Issuances of bonds, debentures expected to reach Bt500 bn this year

Economy January 22, 2014 00:00

By Takayuki Kanaboshi
The Nation

Demand to issue bonds and debentures from both the private and public sectors will reach Bt500 billion this year, nearly last year's volume.

About Bt400 billion-Bt420 billion will be issued by the private sector and the rest by the public sector, Niwat Kanjanaphoomin, president of the Thai Bonds Market Association, said yesterday. 
The country’s political problems will not dissuade the private and public sectors from issuing bonds and debentures this year, he said. 
“We estimate the new debentures and bonds will be worth Bt113 billion in the first quarter of this year,” he said.
Last year, outstanding bonds rose 4.08 per cent to Bt8.99 trillion from Bt8.58 trillion in 2012, of which Bt1.59 trillion was outstanding private sector debentures, up 13 per cent from Bt1.4 trillion in 2012.
Corporate bonds issued in 2013 fell from Bt509 billion in 2012 to Bt418 billion due to the reduced appetite of commercial banks, which issued Bt180 billion worth of bonds in 2012 and only Bt28 billion in 2013. 
Of all the trading in the secondary market in 2013, 32 per cent was between bond traders. The remaining 68 per cent was between bond traders and investors, and of the 68 per cent, 57 per cent was by asset management companies and 18 per cent by non-resident investors (NRs). NRs focus mainly on government bonds, which means the bonds held by NRs – Bt709 billion as of December – are a significant percentage of total government bonds – about 20 per cent.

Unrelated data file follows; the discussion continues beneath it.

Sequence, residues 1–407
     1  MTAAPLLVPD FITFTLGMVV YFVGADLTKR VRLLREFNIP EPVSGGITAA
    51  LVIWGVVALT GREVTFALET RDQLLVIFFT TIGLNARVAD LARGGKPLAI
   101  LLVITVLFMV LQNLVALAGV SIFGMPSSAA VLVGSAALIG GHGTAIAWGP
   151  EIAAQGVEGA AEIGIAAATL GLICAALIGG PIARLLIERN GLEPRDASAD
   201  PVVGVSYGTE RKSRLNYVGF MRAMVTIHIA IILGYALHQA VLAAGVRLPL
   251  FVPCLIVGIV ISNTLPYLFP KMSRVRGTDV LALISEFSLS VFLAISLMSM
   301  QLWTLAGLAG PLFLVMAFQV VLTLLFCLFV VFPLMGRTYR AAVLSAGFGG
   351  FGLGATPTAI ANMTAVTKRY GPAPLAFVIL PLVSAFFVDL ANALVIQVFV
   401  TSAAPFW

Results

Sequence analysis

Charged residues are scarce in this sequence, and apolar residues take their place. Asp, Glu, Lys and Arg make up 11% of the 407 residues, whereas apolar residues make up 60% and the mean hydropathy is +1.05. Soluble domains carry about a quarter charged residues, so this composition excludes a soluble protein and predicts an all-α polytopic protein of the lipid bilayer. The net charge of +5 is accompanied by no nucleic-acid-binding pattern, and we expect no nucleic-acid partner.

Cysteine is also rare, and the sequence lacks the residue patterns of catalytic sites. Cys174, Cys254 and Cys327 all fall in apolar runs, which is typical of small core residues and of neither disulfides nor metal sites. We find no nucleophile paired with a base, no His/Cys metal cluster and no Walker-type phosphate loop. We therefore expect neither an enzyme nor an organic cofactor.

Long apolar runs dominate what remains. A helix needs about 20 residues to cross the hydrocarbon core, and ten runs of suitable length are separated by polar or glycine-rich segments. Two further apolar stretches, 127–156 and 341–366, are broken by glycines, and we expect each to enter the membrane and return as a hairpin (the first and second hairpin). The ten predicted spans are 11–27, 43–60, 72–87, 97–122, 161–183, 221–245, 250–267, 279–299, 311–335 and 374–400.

Last year, NRs sold a net Bt942 million of bonds. However, this wasn’t a worrying figure, as long-term bonds are still being held by NRs and most of the sales were in short-term bonds. 
However, January 1-17 of this year saw a net outflow of Bt8.6 billion, as long-term bonds worth Bt18 billion were dumped. 
This is “something to keep an eye out for”, he said.
Although the political situation has had some effects – such as on government bond yields, which suffered a slight decline in December after the dissolution of the House – he sees an end in sight, likely by the end of next month.